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Making Artisan Cheese, a Couple Preserves a Way of Life

Nancy Mims tests a batch of cheese. NRCS photo.

Nancy Mims tests a batch of cheese. NRCS photo.

John and Nancy Mims never imagined they would be running a dairy when they met at the University of Florida and married 40-some years ago.  He was going to be an architect and a pilot, and she was going to be a nurse.

They were going to move to the Caribbean. But then John was drafted.  After a six-year stint in the Navy, Nancy’s father died, and they went home to help her mother on the dairy where Nancy grew up. They ended up buying the dairy in 1980.

It is a lifestyle the two have grown to love and they have worked with USDA’s Natural Resources Conservation Service to protect their way of life.

With the help of the Agricultural Conservation Easement Program they have put their land in a conservation easement, which provides compensation for relinquishing the development rights to the land and protecting it for agriculture, wildlife and the environment. The goal of this program is to help farmers and ranchers keep their land in agriculture.

“We want it to remain a small family dairy and a wildlife refuge. Just last night we saw 22 deer and 52 turkeys out in the winter pasture,” John said.

The Mims’ Rex Run Farm and Cypress Point Creamery is a few miles east of Gainesville, Fla., where some of their 200 prized brown Jerseys might be seen grazing in fields surrounded by small stands of cypress. For years John and Nancy have thought about making artisan cheeses and bottling their own milk. They made it a reality in 2009.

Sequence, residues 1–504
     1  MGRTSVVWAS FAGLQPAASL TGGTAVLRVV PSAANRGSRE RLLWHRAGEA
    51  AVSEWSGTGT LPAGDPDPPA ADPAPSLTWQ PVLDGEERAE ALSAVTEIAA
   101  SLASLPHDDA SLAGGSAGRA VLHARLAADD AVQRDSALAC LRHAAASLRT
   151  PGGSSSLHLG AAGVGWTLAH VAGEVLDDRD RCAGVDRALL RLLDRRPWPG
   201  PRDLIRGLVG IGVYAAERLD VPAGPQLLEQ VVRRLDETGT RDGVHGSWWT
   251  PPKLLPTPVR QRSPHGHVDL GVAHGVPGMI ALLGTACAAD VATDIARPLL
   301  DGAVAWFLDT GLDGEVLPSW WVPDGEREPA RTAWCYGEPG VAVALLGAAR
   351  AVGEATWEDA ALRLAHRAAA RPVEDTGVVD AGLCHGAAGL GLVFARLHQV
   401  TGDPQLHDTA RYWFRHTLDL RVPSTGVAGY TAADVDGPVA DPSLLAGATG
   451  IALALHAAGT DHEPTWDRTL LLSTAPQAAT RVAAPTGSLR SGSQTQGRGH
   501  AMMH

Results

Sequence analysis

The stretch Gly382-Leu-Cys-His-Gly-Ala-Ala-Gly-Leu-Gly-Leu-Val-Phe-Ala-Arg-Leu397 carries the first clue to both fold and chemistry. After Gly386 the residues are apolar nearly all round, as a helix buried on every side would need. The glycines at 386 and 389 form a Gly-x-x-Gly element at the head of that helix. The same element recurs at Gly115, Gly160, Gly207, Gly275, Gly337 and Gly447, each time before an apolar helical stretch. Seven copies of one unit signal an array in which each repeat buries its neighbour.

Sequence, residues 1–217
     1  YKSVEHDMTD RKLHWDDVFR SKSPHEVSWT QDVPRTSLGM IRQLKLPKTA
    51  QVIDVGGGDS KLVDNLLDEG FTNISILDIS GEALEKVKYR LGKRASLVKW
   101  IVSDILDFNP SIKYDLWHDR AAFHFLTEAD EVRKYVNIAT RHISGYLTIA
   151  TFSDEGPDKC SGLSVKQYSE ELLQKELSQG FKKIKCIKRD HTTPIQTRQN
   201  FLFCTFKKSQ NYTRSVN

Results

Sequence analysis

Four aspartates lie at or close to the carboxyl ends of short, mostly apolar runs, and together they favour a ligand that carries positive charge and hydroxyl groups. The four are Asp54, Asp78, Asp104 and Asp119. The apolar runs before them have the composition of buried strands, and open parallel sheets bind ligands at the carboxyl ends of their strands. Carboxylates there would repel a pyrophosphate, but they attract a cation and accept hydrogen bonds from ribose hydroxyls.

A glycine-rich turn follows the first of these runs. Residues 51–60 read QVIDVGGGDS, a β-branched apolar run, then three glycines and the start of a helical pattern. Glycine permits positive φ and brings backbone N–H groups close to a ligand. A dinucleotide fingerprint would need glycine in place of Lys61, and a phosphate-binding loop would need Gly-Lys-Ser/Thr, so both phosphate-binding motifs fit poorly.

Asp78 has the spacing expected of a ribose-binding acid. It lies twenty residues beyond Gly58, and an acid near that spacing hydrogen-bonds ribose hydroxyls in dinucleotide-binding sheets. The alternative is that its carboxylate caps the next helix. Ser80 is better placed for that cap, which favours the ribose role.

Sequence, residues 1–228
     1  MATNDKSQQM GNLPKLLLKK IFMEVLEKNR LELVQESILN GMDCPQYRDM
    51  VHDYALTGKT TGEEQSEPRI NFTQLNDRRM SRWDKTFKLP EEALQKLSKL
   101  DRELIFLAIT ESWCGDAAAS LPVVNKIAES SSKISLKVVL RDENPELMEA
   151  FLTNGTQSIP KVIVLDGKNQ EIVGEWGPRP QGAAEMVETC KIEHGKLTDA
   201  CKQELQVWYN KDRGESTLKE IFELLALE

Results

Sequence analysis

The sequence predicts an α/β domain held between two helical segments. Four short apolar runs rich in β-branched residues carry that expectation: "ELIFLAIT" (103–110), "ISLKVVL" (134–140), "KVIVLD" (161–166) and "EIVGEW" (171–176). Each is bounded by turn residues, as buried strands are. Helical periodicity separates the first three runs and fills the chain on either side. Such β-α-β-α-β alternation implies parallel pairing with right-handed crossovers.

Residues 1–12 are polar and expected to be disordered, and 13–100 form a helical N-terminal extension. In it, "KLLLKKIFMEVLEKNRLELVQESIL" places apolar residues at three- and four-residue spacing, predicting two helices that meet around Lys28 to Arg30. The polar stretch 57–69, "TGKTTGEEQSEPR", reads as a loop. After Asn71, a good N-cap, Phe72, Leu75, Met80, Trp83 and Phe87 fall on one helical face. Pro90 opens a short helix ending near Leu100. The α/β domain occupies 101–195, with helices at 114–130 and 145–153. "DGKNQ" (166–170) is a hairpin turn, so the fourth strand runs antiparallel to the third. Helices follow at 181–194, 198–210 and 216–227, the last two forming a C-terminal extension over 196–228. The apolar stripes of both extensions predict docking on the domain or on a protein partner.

They approached learning how to make cheese methodically: visiting other cheese makers, training with a New England cheese maker and even tasting European cheeses to get an idea what kind of product they wanted to create.

John and Nancy worked with expert Canadian cheese maker Margaret Morris, who helped them purchase supplies and equipment and shared recipes. They began with gouda and havarti, then added baby swiss and tomme.

Making cheese turned out to be as much of an art as a science. Nancy makes small batches that must be tested through each step of the process because they are using raw milk. Local climate, molds, temperature, acidity level and cattle health can make or break a batch. Unlike big cheese companies, a customer may have to wait a while for an order.

When making a new recipe, they first test it at farmer’s markets. If people like it, Nancy and John name it. The loblolly gets its name from the coarseness of the rind that resembles the tree’s bark.  A dry feta-like cheese is named Salty Dog after their dachshund.

The two look forward to trying blue, feta and brie next. The newest flavors Cypress Point Creamery offer are a chocolate and cayenne pepper coated cheese, popular at the farmer’s markets.  Another favorite is rubbed with coffee and coconut oil.

The word is out about Cypress Point Creamery cheeses. They are sought out by chefs from top hotels and restaurants.  But Nancy and John enjoy the customers they meet face-to-face at the Alachua County and Haile Village Plantation farmers markets because they tell them first-hand what they like and why.

John refers to his free-stall barn where his cows stay as the “Rex Run Resort.” The open-sided barn gives the cows’ freedom to move around and space where they can sleep in clean sand beds. The stalls are outfitted with fans and misters that keep cows at least 20 degrees cooler than the outside temperature in the summer.

“Happy cows make great cheese,” John said.

Making cheese is not an easy job. John and Nancy typically put in a 12-to-16 hour day, seven days a week.  They employ three others who assist with milking, feeding and mechanical operations.

The Mims raise brown Jerseys on their farm. NRCS photo.

The Mims raise brown Jerseys on their farm. NRCS photo.

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